Seated in the center of Whistler's busy village square, Jessica and Gabrielle are working as buskers to get by.

But they're looking for more than just attention and a handout from tourists. Both arrived in Whistler without a place to live.

"It's so hard.  It's so expensive," says Jessica.

Monday marks the beginning of welcome week in Whistler, a time of year when hundreds like Jessica and Gabrielle arrive looking for work and a place to stay.

The number of employees Whistler needs to operate has gone up by several hundred this year, but employers are having a hard time finding workers because of the housing shortage. At Wednesday's annual job fair many positions will be on offer, but in order to call Whistler home this season, snow enthusiasts must fight it out for a limited number of rental units.

Matt Telfer arrived in the resort town just days ago, but he's already advertising his plight on a sandwich board-styled cardboard box.

"Everyplace you go and see -- I think I've seen three places -- I'm always the twenty-fifth person there," he says.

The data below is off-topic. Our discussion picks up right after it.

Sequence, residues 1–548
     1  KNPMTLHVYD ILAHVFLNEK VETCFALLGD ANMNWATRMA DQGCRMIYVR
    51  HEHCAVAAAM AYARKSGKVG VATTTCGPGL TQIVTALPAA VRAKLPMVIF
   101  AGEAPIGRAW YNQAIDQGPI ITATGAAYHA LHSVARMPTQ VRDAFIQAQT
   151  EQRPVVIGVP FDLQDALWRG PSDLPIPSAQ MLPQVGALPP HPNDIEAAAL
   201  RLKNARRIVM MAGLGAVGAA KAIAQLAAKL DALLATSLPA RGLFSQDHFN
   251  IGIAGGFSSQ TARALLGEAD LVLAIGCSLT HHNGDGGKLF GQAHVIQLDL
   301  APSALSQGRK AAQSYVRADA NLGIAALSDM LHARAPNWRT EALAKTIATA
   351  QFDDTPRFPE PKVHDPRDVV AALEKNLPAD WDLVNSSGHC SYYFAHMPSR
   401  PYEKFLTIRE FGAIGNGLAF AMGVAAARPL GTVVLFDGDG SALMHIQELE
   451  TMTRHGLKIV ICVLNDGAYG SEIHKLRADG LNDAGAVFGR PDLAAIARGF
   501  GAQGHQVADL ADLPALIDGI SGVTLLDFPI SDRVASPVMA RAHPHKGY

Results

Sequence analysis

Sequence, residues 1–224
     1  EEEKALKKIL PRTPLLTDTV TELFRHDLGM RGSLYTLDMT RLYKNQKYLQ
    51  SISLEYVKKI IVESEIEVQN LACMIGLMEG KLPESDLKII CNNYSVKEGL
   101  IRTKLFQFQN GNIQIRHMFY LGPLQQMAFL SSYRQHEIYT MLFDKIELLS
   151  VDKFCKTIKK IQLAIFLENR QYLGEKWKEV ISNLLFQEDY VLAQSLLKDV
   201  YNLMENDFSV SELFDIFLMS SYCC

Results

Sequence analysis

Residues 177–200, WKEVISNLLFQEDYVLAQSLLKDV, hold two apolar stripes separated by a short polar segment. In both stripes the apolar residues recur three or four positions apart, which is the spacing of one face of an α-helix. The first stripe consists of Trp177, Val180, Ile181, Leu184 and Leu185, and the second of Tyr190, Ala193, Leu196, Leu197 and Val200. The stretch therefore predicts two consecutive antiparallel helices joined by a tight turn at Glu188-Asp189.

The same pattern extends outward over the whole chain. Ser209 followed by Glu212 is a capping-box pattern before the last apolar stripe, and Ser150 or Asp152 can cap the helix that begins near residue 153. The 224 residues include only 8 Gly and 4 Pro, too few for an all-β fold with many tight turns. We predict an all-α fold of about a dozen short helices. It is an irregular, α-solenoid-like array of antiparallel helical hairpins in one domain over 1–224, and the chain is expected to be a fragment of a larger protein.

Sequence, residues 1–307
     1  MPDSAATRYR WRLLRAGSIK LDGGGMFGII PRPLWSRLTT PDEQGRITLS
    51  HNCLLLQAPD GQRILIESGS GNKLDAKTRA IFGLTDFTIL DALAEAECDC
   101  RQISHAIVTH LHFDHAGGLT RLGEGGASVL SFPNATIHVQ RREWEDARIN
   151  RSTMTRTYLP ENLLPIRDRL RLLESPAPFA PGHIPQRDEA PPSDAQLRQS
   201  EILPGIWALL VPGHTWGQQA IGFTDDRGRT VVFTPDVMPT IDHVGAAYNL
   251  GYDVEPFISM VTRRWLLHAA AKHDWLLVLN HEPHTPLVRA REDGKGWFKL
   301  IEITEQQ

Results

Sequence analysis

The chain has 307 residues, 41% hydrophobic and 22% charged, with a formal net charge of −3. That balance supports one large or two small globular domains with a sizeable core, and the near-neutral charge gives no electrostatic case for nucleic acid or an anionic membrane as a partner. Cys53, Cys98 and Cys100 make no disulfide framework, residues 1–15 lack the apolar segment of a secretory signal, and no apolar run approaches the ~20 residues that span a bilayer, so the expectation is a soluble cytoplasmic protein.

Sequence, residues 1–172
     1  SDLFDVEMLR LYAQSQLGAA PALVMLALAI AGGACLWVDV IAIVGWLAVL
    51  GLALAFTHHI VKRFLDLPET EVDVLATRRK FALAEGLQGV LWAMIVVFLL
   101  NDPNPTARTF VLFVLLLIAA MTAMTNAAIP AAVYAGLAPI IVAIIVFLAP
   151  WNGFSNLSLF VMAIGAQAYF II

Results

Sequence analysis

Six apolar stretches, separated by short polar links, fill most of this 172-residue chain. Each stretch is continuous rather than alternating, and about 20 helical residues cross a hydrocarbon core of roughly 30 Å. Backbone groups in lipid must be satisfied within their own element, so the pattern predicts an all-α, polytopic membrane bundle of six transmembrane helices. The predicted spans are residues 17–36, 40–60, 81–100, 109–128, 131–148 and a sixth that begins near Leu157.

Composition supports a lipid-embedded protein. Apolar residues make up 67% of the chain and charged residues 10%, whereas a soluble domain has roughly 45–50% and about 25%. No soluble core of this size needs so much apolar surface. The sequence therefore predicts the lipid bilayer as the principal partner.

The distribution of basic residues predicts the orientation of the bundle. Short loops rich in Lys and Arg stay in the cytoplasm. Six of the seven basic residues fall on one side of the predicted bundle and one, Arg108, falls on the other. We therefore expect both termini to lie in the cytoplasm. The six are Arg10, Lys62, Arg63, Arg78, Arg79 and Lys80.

An annual survey of businesses found that nearly 30 per cent of employers were unable to meet staffing needs last season, and the problems only expected to get worse, as the price of housing goes up and the Olympics draw near.

Sebastien Mireault has lived in Whistler for the last six months and says the upcoming Olympics, coupled with high demand, has forced up the worth of his residence.

"Our place was worth $1,300 and now its at $3,200," he says.

The so-called container housing project was supposed to be a solution to the Whistler housing crisis. But so far, nothing has been built. The project fell through in mid-September when the US builder failed to get financing.

The project would have housed as many as 300 employees, roughly the number of additional workers that businesses anticipate will be needed to keep Whistler running this season. Intrawest insists it already has homes for the employees hired to service ski operations.

With a report from CTV British Columbia's Sarah Galashan